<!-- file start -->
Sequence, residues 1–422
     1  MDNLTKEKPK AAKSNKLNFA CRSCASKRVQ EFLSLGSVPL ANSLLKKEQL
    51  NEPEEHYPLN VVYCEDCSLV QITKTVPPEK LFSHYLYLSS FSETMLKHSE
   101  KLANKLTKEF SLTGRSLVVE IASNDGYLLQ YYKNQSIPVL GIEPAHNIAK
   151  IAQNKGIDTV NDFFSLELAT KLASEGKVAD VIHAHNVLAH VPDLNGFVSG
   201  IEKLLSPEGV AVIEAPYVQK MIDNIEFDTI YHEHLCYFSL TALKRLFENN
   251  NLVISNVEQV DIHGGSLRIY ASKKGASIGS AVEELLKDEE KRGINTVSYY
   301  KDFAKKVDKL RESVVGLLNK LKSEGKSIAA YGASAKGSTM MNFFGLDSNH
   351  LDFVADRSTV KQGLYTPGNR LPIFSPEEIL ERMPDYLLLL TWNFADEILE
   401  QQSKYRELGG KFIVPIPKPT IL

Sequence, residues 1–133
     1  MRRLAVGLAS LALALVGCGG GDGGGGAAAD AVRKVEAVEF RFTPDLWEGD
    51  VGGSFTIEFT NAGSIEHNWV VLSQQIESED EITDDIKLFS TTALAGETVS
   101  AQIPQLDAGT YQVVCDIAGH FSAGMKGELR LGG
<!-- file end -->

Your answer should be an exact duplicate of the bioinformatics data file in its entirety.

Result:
Sequence, residues 1–422
     1  MDNLTKEKPK AAKSNKLNFA CRSCASKRVQ EFLSLGSVPL ANSLLKKEQL
    51  NEPEEHYPLN VVYCEDCSLV QITKTVPPEK LFSHYLYLSS FSETMLKHSE
   101  KLANKLTKEF SLTGRSLVVE IASNDGYLLQ YYKNQSIPVL GIEPAHNIAK
   151  IAQNKGIDTV NDFFSLELAT KLASEGKVAD VIHAHNVLAH VPDLNGFVSG
   201  IEKLLSPEGV AVIEAPYVQK MIDNIEFDTI YHEHLCYFSL TALKRLFENN
   251  NLVISNVEQV DIHGGSLRIY ASKKGASIGS AVEELLKDEE KRGINTVSYY
   301  KDFAKKVDKL RESVVGLLNK LKSEGKSIAA YGASAKGSTM MNFFGLDSNH
   351  LDFVADRSTV KQGLYTPGNR LPIFSPEEIL ERMPDYLLLL TWNFADEILE
   401  QQSKYRELGG KFIVPIPKPT IL

Sequence, residues 1–133
     1  MRRLAVGLAS LALALVGCGG GDGGGGAAAD AVRKVEAVEF RFTPDLWEGD
    51  VGGSFTIEFT NAGSIEHNWV VLSQQIESED EITDDIKLFS TTALAGETVS
   101  AQIPQLDAGT YQVVCDIAGH FSAGMKGELR LGG